Today the U.S. Surgeon General released a first-of-its-kind report about addiction that shows how widely and deeply drug and alcohol misuse and abuse are impacting the nation’s health. In his preface, current Surgeon General Vivek Murthy hopes the report will have the same impact on addiction as the Surgeon General’s report 50 years ago did on the dangers of tobacco and smoking.
According to Facing Addiction in America: The Surgeon General’s Report on Alcohol, Drugs, and Health, 20.8 million Americans currently struggle with substance misuse—greater than the number of people battling cancer. When factoring in the impact on family, friends, and the community, the report makes it clear that addiction is a national public health crisis—and one in need of a major shift in how it is addressed.
Many Face Addiction But Few Seek Help
Unlike most other diseases, substance abuse often comes with a deep stigma that prevents people from seeking help. The report estimates that only 10% of those suffering with addiction actually seek treatment. In response, the report calls for greater access to and better options for treatment services, improved public education to increase awareness, and research-informed public policies.
Substance Abuse a Big Hit on Nation’s Wallet
The report also estimates “that the yearly economic impact of substance misuse is $249 billion for alcohol misuse and $193 billion for illicit drug use”—for a combined total of $442 billion. In comparison, the economic impact of another prevelent health disease—diabetes—is estimated at $245 billion. These costs are tied to “lost workplace productivity (in part, due to premature mortality), health care expenses, law enforcement and other criminal justice costs (e.g., drug-related crimes), and losses from motor vehicle crashes.”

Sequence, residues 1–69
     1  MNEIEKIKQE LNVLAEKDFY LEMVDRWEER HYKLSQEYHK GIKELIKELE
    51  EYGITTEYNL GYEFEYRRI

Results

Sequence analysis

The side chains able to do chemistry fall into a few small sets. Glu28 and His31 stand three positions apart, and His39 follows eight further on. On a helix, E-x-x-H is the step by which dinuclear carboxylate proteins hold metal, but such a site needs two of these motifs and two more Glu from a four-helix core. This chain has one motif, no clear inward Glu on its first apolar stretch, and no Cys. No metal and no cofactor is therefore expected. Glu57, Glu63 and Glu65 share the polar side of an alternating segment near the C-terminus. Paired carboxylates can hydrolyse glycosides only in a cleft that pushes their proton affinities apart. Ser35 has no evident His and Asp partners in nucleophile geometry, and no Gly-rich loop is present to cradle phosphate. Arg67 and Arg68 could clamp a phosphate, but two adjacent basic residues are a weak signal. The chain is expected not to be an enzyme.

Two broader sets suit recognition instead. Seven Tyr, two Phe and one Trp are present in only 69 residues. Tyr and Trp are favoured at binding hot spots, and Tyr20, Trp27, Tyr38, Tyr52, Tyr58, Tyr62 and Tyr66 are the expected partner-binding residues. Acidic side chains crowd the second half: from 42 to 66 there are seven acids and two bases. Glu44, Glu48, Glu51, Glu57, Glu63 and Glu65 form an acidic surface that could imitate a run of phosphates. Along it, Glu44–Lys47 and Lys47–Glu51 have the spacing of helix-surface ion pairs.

Alcohol Still Primary Concern
While disturbing spikes in drug-related overdoses and deaths have rightly drawn renewed attention to the problem of drug abuse, the report reinforces that alcohol is still America’s most used and abused substance.
Some key findings on alcohol:
- In 2015, 66.7 million people in the United States reported binge drinking in the past month and 27.1 million people were current users of illicit drugs or misused prescription drugs.
- Alcohol misuse contributes to 88,000 deaths in the United States each year; 1 in 10 deaths among working adults are due to alcohol misuse.
- About three quarters of the costs associated with alcohol use were due to binge drinking, and about 40% of those costs were paid by government, emphasizing the huge cost of alcohol misuse to taxpayers.
- The CDC reports more than 2,200 alcohol overdose deaths in the United States each year—an average of six deaths every day.
- The National Highway Traffic Safety Administration (NHTSA) estimates that [alcohol-related] DUI costs the United States more than $44 billion each year in prosecution, higher insurance rates, higher taxes, medical claims, and property damage.